It's difficult to explain an illness that can't be physically seen and one that initially swooped down on me and then held me prisoner without any notice period or early warning call.
It's such a shame that it takes the death of a hugely famous actor/comedian to get the conversation happening to such a level. However, if we must find a positive from this tragic tale, the exposure of his struggles may leave some people with a greater understanding of the illness, and those who are masking their troubles may be encouraged to talk.
Experiencing a deep breath into the abdomen is not only relaxing; it's been scientifically proven to positively affect the heart, brain, digestive and immune system. Once the breath is moving in the abdomen, the upper lungs can be activated so eventually the breath is full, connected and active.
Polycystic Ovarian Syndrome, or PCOS as it is more commonly known, is not a glamorous condition. I know that sounds like quite a negative statement to open with, but it is the truth as I see it. It is something that affects a large number of women in the UK, yet only receives very limited and stereotypical media coverage.
Having weathered several episodes of depression with an incredibly strong man by my side, I've seen first hand the impact it can have on a partner, and consequently on the relationship.
What you wear affects you psychologically. It can profoundly alter your mood. It also influences how others respond to you. And the visual illusion created by cut and fabric dramatically changes the appearance of your body. Your clothes can affect your job prospects, your love life and even your self-image.
One in four people - so on average, someone in the typical two parent, two children family - will suffer from a mental illness at some point in their lifetime. Yet even though so many people are affected, mental illness carries a devastating stigma, which can harm sufferers in every aspect of their life.
Like most of you reading, this I am on the professional treadmill of getting around four hours real sleep a night whilst juggling your iphone, kids and personal lives with any of the proverbial plates crashing at any possible moment.
My life was a train wreck, but I was committed to recovering, and over time, I learned how to manage my illness so effectively that it doesn't negatively impact upon my life anymore. Below are 14 self-care practices that I learned from various therapists, doctors, self-help books, athletes, artists and my parents that helped pull me out of the abyss and lead me to happiness.
Wow, I thought. Life is great! GREAT! And for a moment I was flooded with happiness and joy about how well everything was going. And then, as it always does, sheer dread kicked in. This can't last, I thought. Oh my God, I'm too happy. Things are too perfect. It's just a matter of time before the other shoe drops. Horrible, awful things happen to people all the time. I should know.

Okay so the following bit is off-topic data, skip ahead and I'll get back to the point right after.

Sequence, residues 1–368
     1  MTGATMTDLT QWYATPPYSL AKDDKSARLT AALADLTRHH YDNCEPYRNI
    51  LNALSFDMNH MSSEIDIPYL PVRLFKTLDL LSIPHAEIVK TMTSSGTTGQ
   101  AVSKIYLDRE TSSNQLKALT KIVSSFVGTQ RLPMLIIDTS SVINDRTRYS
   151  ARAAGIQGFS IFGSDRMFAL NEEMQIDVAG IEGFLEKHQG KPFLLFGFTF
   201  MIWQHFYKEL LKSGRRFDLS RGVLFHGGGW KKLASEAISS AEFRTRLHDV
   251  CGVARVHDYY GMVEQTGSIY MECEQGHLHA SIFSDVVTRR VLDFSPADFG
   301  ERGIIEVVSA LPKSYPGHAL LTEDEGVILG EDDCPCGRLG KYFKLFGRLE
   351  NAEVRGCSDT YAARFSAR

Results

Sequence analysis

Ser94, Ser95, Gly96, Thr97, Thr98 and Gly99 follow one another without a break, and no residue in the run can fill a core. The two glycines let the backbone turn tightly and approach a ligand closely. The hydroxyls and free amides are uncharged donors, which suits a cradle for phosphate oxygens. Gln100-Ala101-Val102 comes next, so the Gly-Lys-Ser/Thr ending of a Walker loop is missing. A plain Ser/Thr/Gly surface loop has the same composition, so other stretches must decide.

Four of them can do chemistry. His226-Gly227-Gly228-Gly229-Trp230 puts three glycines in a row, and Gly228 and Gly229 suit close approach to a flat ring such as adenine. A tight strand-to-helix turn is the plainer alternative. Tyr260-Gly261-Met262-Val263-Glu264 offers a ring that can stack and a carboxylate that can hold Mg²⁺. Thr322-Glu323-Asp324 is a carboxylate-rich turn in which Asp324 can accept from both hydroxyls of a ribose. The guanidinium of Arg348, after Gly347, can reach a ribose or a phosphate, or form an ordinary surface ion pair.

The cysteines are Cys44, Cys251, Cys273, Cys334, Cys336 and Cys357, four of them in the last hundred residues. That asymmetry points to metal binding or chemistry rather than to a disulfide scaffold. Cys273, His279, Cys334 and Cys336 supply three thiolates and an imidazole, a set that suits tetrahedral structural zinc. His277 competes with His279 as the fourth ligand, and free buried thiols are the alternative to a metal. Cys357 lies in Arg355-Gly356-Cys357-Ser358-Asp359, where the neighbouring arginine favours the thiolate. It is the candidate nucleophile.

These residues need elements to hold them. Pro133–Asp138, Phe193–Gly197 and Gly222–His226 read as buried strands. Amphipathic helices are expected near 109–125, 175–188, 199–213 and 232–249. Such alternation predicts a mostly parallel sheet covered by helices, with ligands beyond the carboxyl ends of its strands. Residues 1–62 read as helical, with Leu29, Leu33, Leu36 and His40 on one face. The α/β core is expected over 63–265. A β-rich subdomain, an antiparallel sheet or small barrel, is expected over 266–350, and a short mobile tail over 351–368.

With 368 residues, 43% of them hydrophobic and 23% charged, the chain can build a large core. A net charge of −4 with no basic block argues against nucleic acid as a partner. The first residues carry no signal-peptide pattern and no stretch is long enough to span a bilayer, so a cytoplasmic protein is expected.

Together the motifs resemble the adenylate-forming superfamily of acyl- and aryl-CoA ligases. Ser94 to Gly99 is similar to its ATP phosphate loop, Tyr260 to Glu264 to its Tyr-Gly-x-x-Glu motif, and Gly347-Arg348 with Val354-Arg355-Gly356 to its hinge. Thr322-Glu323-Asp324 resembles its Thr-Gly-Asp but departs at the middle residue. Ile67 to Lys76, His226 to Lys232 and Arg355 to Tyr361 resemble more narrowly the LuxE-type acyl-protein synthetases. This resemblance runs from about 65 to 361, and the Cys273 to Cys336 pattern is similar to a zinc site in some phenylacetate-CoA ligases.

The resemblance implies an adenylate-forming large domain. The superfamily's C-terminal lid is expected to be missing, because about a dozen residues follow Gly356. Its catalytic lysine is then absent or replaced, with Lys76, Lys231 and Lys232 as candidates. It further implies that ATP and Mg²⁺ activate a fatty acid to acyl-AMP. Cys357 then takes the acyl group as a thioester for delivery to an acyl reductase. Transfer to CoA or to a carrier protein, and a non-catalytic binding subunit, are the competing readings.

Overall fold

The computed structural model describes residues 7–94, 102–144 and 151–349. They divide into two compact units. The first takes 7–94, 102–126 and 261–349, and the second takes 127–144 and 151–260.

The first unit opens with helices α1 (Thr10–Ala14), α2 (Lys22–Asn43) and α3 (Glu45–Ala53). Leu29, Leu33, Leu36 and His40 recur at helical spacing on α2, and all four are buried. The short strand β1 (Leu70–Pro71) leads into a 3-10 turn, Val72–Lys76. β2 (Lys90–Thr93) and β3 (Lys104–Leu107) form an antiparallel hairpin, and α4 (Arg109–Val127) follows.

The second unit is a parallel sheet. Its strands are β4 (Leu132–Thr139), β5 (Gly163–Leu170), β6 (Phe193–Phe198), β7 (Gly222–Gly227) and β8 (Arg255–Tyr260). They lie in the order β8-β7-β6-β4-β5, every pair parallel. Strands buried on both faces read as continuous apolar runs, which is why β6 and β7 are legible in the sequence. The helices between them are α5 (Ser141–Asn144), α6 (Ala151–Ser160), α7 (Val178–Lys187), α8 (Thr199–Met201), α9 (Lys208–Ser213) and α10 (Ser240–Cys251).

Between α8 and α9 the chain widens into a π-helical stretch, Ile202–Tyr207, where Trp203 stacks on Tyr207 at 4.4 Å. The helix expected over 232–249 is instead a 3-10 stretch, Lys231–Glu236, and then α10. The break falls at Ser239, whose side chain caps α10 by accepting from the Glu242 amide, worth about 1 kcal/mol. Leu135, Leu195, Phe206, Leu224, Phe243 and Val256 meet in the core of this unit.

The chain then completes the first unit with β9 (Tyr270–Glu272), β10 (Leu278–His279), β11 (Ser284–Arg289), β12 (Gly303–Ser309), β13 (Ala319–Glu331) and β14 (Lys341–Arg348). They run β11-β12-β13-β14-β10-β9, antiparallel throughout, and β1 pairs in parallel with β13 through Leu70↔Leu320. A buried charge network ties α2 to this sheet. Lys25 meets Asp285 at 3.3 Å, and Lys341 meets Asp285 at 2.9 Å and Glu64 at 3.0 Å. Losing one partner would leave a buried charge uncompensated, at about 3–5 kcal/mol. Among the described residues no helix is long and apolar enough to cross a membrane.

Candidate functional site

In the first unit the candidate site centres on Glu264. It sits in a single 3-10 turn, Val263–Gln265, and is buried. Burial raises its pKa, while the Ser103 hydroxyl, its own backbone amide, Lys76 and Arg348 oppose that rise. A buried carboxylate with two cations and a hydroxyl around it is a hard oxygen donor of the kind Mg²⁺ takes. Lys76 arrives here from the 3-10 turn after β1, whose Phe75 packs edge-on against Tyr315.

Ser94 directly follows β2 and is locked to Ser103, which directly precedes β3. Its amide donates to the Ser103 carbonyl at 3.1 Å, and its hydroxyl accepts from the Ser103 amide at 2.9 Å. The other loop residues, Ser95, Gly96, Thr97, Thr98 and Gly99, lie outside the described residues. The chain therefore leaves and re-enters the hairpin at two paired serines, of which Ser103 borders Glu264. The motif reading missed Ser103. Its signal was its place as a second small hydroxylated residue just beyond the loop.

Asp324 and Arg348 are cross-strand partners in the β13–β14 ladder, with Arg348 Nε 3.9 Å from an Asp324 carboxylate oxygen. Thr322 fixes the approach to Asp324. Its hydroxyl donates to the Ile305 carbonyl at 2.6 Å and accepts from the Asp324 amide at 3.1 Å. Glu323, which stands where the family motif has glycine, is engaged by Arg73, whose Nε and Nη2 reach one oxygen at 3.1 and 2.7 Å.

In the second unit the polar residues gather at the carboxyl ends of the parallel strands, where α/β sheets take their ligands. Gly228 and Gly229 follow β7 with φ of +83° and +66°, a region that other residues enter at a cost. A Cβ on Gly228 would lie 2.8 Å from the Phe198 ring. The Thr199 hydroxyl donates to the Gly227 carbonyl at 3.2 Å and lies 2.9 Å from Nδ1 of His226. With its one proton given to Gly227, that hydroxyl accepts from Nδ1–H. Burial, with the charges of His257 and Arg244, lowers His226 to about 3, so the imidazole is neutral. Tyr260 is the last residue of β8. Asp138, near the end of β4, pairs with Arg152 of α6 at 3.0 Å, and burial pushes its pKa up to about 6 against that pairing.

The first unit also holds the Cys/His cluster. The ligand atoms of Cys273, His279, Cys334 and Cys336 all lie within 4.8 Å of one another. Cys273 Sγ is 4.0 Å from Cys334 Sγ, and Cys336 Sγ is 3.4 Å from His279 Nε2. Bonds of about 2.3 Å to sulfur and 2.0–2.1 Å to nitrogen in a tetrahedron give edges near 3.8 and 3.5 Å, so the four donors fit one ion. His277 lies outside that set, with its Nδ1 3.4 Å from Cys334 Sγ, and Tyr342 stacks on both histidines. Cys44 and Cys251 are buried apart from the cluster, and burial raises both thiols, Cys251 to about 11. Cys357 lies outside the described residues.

Originally, I wanted to name this post "Aimlessly Attempting to Crawl My Way Back to Center," but I thought it was too defeatist sounding. It is how I'm feeling as of late though. I feel like the balance and grounding I had found has become hazy, muted, diluted.
If you are lonely, have few social outlets, low self confidence or self esteem, then the summer months can be challenging. You may find it difficult to go out on your own, if others are out as couples, families or groups of friends, and you have no one to share the summer with. Seeing others apparently living the life you wish you had can make you feel worse about your own situation.
Sleep has been so undervalued that being deprived of it has become a boast. However, when you factor in The Third Metric, this anti-sleep mentality suddenly seems ridiculously skewed. After all, what's the point of attaining all that solvency and influence if you're so tired you stumble through it all like a zombie?
"After all this time might I be Bi-Polar rather than still suffering from PTSD?" was the question I posed to Anton Kruger, my psychologist, in March of this year. The reasoning for my question was that it is coming up for 14 years since the train crash which is a significant amount of time. Surely I must be over it by now?
Our bodies are cleverer than our minds. When we are truly tired, we will fall asleep. Sleeping is a natural action. You don't have to do anything to get to sleep. It is not humanly possible to stay awake forever. The one topic that mustn't be on one's list of worries is sleep itself. That is what can stop you from sleeping and make you ill, both physically and psychologically.
Having someone to help you reach the proverbial light at the end of the tunnel is one of the best things about being in a relationship. But when your lover crosses the line from "supportive partner" to "therapist", it can have catastrophic results - both for the relationship, and also for your health.